Zyxel devices are generally better quality routers, and are common more amongst people who want a good quality router that just works, and with more IT/networking advanced ISP’s with a lower customer base, thus able to provide better support and kit. Zyxel devices are also common among those who would like to find out more details about the state of their broadband connection in more depth than there standard ISP router. Due to better quality and more options in terms of viewing and monitoring your broadband connection, they can be used with the likes of monitoring facility dslstats over SSH and or telnet, or you can manually retrieve the stats via SSH and telnet to see the full details of your broadband connection, and this router is no exceptions and can fully support that. Unfortunately I do not have a setup for dslstats so I will not be detailing that in this review. I will however in future article show you how to retrieve more advanced line statistics from your Zyxel device and what these mean.
As Zyxel devices are sold either as retail or via ISP handout meaning firmware support is a bit varied. If your Zyxel router is an ISP or retail device, you can retrieve standard vanilla retail firmware from here: https://shorturl.at/bBHU8, however remember that for retail devices the firmware update process is manual, its not automatically updated like ISP routers, so you are responsible to keep the router updated. For the ISP version of this router, alternatively you can ask your ISP if there is any updates available for your device. However that being said if a new version is out an you need it to fix a vulnerability you will not be able to ask Zyxel for the firmware, as your router is an ISP model, so if your ISP doesn’t have the firmware, your stuck too.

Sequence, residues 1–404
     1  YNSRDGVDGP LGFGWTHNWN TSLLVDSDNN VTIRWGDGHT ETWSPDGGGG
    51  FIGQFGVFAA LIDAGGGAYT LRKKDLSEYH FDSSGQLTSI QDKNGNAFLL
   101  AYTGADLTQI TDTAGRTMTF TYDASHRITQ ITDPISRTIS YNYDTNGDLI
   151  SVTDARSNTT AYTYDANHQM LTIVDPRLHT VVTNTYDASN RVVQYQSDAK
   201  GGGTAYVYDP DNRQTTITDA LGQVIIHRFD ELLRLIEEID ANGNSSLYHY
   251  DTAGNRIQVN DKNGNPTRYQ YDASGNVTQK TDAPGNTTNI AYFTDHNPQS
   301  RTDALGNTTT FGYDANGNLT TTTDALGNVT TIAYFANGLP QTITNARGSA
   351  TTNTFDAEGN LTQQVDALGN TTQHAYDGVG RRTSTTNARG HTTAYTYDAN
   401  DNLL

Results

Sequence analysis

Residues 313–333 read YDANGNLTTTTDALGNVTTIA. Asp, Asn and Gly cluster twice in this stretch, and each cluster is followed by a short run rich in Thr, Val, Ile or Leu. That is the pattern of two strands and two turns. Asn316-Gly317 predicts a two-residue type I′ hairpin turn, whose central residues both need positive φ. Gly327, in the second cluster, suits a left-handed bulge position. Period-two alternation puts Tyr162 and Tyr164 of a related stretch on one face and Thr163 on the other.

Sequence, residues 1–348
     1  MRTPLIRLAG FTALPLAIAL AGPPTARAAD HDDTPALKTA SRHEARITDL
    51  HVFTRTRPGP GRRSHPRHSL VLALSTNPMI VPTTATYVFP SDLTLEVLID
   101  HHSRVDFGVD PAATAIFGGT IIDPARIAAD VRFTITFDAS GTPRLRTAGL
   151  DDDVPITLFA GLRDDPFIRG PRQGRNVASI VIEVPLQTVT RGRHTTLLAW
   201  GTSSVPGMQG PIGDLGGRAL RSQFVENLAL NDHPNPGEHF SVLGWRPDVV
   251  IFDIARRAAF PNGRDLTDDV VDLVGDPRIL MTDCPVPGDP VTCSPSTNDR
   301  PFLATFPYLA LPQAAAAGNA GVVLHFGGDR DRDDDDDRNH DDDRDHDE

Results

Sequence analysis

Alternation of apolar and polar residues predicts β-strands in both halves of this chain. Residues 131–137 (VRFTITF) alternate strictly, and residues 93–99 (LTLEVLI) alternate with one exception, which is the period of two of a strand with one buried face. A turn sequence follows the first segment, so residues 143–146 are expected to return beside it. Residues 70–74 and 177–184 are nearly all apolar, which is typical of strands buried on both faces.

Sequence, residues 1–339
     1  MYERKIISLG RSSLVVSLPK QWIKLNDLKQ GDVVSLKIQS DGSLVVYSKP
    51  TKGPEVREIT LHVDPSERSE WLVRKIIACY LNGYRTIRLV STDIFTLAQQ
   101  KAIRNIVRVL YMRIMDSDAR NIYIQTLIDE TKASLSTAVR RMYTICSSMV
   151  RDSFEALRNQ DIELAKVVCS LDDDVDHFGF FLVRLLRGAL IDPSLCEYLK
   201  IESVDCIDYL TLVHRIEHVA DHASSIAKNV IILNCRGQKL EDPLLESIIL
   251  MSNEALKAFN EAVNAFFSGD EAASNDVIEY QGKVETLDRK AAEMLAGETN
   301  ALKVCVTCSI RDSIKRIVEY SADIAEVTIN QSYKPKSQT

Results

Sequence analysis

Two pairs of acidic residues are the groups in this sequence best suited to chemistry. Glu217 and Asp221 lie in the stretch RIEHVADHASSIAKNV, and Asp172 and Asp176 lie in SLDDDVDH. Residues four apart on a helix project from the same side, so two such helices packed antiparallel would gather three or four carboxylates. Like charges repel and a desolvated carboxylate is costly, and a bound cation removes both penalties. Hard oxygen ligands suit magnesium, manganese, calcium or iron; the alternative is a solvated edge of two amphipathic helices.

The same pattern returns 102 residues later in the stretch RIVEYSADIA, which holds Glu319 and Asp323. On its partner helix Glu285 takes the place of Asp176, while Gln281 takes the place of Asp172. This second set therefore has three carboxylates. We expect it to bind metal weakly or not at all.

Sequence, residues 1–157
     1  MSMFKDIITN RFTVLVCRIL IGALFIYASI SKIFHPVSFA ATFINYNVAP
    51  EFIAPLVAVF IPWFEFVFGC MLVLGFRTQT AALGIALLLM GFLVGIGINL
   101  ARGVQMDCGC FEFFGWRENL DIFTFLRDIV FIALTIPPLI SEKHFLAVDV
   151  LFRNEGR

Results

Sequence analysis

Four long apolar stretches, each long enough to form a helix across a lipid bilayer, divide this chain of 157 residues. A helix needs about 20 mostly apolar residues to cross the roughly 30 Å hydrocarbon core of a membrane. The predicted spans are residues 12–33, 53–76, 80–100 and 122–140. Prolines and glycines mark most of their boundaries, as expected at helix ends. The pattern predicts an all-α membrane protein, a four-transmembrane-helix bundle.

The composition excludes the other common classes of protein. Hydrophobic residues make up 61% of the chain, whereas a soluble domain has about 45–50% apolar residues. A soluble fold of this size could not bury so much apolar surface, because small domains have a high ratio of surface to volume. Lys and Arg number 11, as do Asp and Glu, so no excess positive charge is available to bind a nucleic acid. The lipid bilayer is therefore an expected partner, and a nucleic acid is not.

Having used this router for around a year and half now, I have had very little issues at all with it and rarely have to intervene or reboot it. You do get the odd issue where you have to reboot it but this is rare (twice I’ve had too) and occurs with pretty much all routers. Zyxel has since released some new firmware which has fixed the web admin interface bugs and few other slight issues. I mentioned previously above that the router attainable sync was lower that other routers, now that my sync speed is back to 22.39Mbps down and 5mbps up, the attainable is pretty much the same as other routers maybe slightly lower. As before the Wi-Fi has been strong no issues and the router basically works well 24/7 and easily handles 4 people and multiple internet dependent devices using the internet simultaneously.
The web interface for the router is very good, is much the same as many other modern Zyxel routers such as the VMG3925-B10B and VMG1312-B10D. It looks nice and sleek and you can customise the theme of button colours to make it more personal which is nice touch, in my case I picked blue. The web interface has a lot of advanced features, and has full Broadcom line monitoring statistics (screenshot below). To login to the web interface, you will need to navigate to http://192.168.1.1 in a browser of your choice, and enter the username password printed on the Wi-Fi setting pull out card, or behind that on the rear of the router.
The Zyxel XMG3927-B50A is an excellent router, it is incredibly stable, and just works for months on end with no issues, no maintenance required or faffing around rebooting it because the WiFi has broken etc. It has a good amount of features via the web interface which you can customise to suit your needs.
If your after a stable router that actually does what its supposed to, or to replace one of those ISP routers such as the TalkTalk super routers etc, along with having solid Wi-Fi, you can leave it without intervening, and can handle multiple simultaneous connections solidly, then I’d recommend buying the router. It’s expensive but after years of testing routers and finding one that works and doesn’t have a myriad of issues etc, this is best router I’ve found and works great even a year and half on.